ORIGINAL ARTICLES AND REVIEWS
Francesco TrottaI, II; Roberto Da CasI; Marina MagginiI; Mariangela RossiIII; Giuseppe TraversaI
ICentro Nazionale di Epidemiologia, Sorveglianza e Promozione della Salute, Istituto Superiore di Sanità, Rome, Italy
IIAgenzia Italiana del Farmaco, Rome, Italy
IIIDirezione Regionale Salute, Coesione Sociale e Società della Conoscenza, Regione Umbria, Perugia, Italy
INTRODUCTION: The possibility that variation in packaging and pill appearance may reduce adherence is a reason for concern, especially for chronic diseases. The objectives of the study were to quantify the extent of switches between generic antidiabetics and to verify whether switching between different products of the same substance affects adherence.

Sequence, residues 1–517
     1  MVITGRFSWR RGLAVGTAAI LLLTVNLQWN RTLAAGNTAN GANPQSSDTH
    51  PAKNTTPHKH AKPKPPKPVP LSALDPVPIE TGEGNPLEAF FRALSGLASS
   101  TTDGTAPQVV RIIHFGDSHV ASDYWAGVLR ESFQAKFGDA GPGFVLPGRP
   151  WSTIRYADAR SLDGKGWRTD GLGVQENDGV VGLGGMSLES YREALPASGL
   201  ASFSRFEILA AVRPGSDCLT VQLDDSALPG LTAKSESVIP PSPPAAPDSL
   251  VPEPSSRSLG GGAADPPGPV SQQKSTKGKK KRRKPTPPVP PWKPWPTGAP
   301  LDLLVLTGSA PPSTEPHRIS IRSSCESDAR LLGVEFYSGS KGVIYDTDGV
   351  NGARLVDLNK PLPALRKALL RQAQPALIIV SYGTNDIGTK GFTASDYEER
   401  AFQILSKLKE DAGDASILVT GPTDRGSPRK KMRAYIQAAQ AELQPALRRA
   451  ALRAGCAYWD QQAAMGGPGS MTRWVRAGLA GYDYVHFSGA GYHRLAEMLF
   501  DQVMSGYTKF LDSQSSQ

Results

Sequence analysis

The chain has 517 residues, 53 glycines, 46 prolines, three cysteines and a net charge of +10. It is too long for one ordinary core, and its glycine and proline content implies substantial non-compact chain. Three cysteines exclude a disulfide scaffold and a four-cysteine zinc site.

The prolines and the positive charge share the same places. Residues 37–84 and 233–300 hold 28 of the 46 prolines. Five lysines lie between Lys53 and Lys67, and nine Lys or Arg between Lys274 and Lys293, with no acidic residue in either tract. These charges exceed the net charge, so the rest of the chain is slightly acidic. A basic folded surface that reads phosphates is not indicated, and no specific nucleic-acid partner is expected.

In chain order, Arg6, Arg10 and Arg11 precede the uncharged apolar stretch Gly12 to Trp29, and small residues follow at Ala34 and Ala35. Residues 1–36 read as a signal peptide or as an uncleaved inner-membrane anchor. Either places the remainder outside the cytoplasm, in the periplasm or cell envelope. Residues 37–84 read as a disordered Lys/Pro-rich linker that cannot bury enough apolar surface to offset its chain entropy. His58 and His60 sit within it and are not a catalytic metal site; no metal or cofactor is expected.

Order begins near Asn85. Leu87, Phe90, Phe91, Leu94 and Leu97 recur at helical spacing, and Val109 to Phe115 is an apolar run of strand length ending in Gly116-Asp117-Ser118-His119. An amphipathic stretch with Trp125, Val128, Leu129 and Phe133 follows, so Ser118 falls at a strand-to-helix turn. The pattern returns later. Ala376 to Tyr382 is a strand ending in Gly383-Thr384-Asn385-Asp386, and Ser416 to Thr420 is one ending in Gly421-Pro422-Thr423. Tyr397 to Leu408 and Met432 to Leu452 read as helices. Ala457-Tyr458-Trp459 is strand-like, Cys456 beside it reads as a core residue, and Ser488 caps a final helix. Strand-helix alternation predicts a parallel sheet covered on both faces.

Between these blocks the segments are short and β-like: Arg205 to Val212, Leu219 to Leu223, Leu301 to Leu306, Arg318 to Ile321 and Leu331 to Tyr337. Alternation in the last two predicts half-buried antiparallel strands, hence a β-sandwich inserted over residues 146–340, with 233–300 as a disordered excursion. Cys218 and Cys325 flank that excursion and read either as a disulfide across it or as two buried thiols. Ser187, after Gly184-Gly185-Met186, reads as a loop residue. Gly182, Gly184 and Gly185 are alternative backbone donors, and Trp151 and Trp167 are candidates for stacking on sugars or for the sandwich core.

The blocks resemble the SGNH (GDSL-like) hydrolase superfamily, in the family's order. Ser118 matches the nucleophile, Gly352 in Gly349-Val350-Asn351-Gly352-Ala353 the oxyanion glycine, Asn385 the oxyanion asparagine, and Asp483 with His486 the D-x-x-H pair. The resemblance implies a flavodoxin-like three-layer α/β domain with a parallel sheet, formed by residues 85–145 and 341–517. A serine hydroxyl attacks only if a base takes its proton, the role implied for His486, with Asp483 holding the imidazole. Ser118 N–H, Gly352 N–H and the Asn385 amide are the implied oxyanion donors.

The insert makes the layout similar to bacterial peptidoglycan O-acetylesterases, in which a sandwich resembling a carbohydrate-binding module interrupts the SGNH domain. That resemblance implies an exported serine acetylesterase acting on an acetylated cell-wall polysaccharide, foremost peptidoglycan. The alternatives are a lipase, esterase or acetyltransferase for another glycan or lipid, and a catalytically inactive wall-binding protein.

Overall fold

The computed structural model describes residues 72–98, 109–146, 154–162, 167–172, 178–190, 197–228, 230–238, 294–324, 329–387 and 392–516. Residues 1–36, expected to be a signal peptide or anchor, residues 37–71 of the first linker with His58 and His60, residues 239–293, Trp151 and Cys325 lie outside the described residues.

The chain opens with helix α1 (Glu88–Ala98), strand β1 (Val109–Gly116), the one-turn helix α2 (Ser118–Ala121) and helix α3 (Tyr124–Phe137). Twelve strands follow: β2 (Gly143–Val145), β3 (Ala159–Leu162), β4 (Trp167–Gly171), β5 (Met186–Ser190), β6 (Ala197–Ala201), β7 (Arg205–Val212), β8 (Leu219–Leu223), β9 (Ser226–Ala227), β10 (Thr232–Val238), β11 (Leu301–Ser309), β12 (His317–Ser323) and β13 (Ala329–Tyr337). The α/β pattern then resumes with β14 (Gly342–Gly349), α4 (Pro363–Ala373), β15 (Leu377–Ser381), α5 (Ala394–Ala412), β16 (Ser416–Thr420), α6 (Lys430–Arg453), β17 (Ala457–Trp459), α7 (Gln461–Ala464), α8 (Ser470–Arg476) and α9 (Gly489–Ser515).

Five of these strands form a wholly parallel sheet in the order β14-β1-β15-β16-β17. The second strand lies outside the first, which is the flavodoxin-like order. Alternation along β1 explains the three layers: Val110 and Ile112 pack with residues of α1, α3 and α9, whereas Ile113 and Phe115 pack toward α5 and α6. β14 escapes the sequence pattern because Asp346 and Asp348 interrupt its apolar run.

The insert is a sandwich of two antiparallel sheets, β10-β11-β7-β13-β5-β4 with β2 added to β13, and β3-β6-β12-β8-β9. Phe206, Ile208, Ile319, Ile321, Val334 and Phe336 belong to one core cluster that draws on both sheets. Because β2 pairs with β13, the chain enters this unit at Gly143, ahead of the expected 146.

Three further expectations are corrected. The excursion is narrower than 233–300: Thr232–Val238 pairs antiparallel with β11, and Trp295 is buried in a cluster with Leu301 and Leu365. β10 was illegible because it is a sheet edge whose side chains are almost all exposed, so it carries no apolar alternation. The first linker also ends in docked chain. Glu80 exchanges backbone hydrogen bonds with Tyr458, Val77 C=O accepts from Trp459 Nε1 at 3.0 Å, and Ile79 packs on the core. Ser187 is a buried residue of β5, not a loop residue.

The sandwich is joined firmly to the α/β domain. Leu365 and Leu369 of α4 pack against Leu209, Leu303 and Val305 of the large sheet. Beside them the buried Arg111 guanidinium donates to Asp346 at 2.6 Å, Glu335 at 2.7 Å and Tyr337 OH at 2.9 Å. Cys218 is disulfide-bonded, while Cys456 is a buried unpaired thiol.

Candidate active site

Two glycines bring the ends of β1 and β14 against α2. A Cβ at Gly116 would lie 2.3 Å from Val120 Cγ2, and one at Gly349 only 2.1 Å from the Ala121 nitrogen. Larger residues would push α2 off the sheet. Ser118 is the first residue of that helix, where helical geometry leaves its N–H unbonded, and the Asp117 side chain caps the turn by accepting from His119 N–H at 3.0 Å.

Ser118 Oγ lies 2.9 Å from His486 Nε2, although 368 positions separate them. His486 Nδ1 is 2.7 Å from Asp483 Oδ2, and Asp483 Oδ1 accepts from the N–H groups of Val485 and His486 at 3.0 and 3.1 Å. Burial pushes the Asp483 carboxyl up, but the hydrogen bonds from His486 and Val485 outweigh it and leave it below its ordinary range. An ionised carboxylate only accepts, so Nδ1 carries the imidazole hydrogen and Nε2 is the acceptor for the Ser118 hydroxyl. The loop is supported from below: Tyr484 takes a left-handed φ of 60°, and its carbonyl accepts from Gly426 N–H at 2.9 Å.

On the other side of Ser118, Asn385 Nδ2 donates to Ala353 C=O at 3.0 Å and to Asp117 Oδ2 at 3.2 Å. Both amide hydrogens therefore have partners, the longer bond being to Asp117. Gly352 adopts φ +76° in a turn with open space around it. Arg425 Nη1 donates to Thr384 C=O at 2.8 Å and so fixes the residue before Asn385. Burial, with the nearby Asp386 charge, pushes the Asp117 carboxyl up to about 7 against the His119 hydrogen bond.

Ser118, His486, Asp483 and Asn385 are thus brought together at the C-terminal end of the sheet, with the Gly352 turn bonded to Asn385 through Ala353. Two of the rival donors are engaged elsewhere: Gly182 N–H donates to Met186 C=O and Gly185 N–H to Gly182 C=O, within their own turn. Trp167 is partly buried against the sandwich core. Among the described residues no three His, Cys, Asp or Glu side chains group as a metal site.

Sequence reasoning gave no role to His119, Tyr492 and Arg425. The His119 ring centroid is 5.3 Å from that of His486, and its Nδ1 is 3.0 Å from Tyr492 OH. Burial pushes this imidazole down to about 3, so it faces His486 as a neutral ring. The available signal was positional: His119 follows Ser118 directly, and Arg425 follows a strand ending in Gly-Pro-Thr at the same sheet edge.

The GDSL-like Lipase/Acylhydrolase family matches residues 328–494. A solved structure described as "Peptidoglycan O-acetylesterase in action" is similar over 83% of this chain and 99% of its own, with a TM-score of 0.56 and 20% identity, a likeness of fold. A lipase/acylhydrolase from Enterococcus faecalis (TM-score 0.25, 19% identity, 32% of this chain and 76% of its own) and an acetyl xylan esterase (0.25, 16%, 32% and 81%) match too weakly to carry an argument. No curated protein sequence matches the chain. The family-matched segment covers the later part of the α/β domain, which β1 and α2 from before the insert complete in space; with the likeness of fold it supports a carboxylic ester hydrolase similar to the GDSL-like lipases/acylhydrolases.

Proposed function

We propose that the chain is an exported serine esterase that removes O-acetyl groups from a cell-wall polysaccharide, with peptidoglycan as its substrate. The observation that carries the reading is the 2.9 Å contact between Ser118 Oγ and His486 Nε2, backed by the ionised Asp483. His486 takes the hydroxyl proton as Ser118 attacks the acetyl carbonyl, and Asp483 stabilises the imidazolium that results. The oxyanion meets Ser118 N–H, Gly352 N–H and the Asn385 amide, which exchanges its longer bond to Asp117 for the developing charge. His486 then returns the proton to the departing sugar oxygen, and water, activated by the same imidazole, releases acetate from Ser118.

MATERIALS AND METHODS: All elderly residents of the Umbria Region who received at least 2 prescriptions of antidiabetics in 2010 and 2011 were included in the study. Switching was defined as the dispensing of two different products of the same substance in a series of two prescriptions. Single and multiple switchers were identified according to the number of switches during 2011. Switching relevant to the three off-patent substances with generic use ≥ 5% (metformin, gliclazide and repaglinide) was quantified. The effect of switching on adherence, defined as the proportion of days in 2011 covered by prescriptions (Medication Possession Ratio, MPR), was estimated.